Like owning a car, speaking Italian is essential to survival in rural Umbria. When I first arrived my only phrase was: “Due birre per favore” (two beers please). There are plenty of private schools offering lessons in Italian and there are also state-run courses of Italiano per stranieri. These are a really inexpensive way to improve your language skills. The best way to truly learn Italian, is to fall in love with a native.
How welcoming have the locals been towards you and your family?
While the locals did not lavish us with affection and invitations to their homes straight away, we have grown on each other over the years. Having children automatically increases opportunities to connect so the local scene really opened up for us six years ago. The nearest village has a population of 2,000 and it reflects the larger Italian situation. Every week anther small business is forced to close, public building works have stopped midway through projects and even the political scene is a hotbed of drama!
Are there any services, activities for kids, day-trips for kids, family-friendly restaurants or kids’ shops you’d like to recommend?
Orvieto is our nearest biggish town and there are some interesting activities available for children and adults - bookshops that run craft workshops (lalberodelleparole.net), an indoor play area (Bim Bum Bam), rugby and football clubs. The UISP (Unione Italiana Sport Per tutti) runs the 25m metre pool and a gym in Ciconia. Courses include: yoga, zumba, fencing, swimming and dancing. Osteria Numero Uno in Orvieto is really child-friendly with delicious food and little nook for children to play, draw etc.
Rome is not far and offers families plenty of opportunities for day-trips, whether you fancy cycling through the Borghese Park or exploring the archaeological treasures by open-top bus.
What do you think are the main advantages and disadvantages of being a parent from the International Community living in the region?
The obvious disadvantage of living somewhere far from your home country is the lack of familial support in the area. I envy friends who have parents, in-laws, grandparents and other relatives over here as they always have someone to call in case of an emergency or even just to baby-sit. On the other hand my family often come to visit and when they do we get to spend quality time together – we just had a fantastic Christmas with 11 of us in the house!
The benefit of being part of a wider, international community is that our children spend time in different countries and understand that there is a big world out there to discover - Umbria is not the end for them but a great beginning.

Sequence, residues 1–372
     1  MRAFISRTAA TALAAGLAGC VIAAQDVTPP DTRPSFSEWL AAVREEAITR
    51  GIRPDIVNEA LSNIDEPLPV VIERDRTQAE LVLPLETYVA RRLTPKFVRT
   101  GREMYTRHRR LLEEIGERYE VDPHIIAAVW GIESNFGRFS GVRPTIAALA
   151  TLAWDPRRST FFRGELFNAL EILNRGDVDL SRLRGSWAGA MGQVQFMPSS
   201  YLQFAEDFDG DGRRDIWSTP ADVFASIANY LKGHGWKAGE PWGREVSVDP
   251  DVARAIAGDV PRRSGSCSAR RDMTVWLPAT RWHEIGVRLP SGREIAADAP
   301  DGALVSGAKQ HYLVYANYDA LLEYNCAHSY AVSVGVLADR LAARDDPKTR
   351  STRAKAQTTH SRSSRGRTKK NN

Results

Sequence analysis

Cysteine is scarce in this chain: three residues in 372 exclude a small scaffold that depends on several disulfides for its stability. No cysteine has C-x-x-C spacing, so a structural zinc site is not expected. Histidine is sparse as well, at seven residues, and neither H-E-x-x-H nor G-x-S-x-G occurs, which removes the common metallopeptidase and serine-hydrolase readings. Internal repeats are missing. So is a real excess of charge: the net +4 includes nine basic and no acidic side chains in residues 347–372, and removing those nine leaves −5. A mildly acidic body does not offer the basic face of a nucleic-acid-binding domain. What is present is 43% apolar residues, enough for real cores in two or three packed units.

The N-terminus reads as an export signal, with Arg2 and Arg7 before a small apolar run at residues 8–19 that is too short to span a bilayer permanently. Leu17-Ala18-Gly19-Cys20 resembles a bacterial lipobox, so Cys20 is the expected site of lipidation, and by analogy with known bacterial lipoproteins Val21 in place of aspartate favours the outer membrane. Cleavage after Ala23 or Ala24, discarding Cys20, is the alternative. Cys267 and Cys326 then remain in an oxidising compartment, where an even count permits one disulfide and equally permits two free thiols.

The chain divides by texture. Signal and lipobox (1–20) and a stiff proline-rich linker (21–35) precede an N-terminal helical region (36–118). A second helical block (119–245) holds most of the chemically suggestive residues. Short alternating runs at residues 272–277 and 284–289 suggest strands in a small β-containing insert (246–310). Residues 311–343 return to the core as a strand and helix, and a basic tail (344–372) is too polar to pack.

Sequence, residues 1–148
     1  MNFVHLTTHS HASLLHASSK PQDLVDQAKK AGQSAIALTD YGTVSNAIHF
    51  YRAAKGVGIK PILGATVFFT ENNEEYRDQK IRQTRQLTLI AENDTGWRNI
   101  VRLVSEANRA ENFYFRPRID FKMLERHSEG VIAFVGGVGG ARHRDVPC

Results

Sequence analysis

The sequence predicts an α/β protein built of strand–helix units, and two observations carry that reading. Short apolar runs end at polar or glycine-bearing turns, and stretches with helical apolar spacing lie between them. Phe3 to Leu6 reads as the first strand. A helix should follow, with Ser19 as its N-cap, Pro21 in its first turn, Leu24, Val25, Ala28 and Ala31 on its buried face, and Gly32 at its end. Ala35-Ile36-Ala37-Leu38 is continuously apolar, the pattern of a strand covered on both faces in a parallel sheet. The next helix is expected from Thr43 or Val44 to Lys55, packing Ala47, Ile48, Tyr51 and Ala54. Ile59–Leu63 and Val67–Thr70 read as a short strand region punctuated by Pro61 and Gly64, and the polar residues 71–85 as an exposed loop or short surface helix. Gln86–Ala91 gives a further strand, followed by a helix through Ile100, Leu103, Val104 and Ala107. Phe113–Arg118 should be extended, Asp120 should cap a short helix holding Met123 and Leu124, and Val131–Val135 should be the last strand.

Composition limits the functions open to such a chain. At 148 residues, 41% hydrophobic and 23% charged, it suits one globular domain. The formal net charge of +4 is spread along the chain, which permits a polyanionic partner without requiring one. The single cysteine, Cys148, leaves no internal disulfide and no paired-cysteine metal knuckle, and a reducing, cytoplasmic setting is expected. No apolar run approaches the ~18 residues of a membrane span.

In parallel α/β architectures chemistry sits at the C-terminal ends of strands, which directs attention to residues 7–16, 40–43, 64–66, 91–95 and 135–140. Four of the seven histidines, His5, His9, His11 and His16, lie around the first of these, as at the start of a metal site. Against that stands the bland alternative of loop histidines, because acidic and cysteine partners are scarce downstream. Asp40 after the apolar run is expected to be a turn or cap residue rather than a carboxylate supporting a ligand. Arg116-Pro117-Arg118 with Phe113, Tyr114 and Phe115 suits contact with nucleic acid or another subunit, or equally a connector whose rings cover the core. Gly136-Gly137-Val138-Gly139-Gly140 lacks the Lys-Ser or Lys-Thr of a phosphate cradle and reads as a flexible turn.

Is there anything you think would improve children’s lives where you live?
Better playground facilities. Over the years the swings and slides in many parks have been destroyed/fallen apart and have never been replaced. I realise this is an unfortunate side-effect of the economic recession but it would be great to see an improvement there.
What advice would you give for anyone having a baby or thinking of relocating to Umbria with children?
I love Umbria, it has been the scene of some amazing moments in my life. Being a parent anywhere in world is tough, especially the first time around. Make sure you understand the lingo, have some friends nearby and get the best broadband connection possible! If you want to try something new and old at the same time, come to Umbria!
What couldn´t you live without in Umbria?
Teabags posted from Ireland – no that’s pathetic, I could live without them! Skype and broadband are really important to feel connected to my family and friends around the world. It was great to see my newborn nieces and nephews on screen when it wasn’t possible to visit them in person. My children like to chat to their grandparents and aunts and uncles on the computer; it’s so much easier to keep in touch now than 12 years ago.
What could you live without in Umbria?!
Mice and scorpions. Not being a country girl, the number of creepy crawlies and mice freaked me out at the beginning. I’m a lot better now, but I could still happily live without ever having another mouse jump out at me from between the folds of a blanket.
You can download Kerry`s book Italy: A survival guide here http://www.amazon.co.uk/Italy-A-Survival-Guide-ebook/dp/B00AFEOIIG
and you can also read her blog at http://irishinumbria.com/